DURING 1995-1996, CDC, in collaboration with the National Association of Local Boards of Health (NALBOH), conducted the National Survey of Local Boards of Health.1 The survey was designed to characterize the nation's local boards of health (LBOHs) and learn more about their needs, concerns, and capacities. Data were collected in five areas: (1) demographic characteristics of LBOHs and the areas they represent, (2) telecommunications capability/infrastructure, (3) roles, responsibilities, and authorities, (4) composition and structure, and (5) concerns and needs.
An LBOH was defined as any officially constituted local body that establishes general public health policies for a local jurisdiction or that provides advice about the development of such policies to those responsible for policy development. Surveys were completed by 1391 (44%) of 3186 LBOHs.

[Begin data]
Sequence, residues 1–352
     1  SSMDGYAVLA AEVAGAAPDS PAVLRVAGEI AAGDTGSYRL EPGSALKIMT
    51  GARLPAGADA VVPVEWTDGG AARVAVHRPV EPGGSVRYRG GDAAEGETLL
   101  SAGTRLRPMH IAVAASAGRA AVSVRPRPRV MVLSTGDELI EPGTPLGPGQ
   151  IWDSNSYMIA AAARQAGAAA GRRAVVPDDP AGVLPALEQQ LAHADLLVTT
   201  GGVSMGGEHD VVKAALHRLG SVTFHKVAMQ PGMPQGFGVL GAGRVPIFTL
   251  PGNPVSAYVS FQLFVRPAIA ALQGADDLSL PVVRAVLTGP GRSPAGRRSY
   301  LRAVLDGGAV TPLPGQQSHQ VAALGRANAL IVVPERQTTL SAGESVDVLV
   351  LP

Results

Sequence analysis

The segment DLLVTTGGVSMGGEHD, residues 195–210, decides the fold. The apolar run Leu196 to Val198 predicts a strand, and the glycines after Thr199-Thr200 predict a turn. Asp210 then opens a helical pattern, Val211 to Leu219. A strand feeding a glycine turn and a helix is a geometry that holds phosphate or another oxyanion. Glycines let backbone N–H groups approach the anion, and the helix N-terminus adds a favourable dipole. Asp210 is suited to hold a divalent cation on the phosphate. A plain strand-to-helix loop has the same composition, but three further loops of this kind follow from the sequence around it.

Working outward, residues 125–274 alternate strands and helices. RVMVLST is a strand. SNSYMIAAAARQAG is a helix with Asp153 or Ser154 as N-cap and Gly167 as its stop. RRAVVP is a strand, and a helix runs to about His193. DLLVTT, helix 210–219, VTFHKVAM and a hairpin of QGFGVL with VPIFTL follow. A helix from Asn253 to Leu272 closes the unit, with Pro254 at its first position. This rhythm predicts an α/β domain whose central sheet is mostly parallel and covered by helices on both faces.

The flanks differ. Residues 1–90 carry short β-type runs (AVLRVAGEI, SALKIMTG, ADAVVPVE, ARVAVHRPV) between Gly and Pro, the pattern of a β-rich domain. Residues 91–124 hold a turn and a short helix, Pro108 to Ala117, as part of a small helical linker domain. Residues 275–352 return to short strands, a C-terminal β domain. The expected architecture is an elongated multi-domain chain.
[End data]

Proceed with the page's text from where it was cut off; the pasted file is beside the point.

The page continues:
The survey found that, although 70% of respondents reported having access to a computer, only 31% used e-mail and only 18% used Internet e-mail. Most (80%) LBOHs reported performing multiple functions. More than half reported performing a combination of advisory, governing, and policy-making functions, and 70% reported that they recommended public health policy; proposed, adopted, and enforced public health regulations; and recommended health department budgets and priorities.
Approximately 70% of respondents reported needing training, information, or technical assistance in establishing community health priorities, identifying funding sources, conducting state and local health reform activities and community health assessments, and working with managed care organizations.
JC Saccenti, NE Baker, MPH, National Association of Local Boards of Health, Bowling Green, Ohio. Div of Public Health Systems, Public Health Practice Program Office, CDC.
CDC's National Profile of Local Boards of Health, September 1997. JAMA. 1998;280(6):505. doi:10.1001/jama.280.6.505-JWR0812-2-1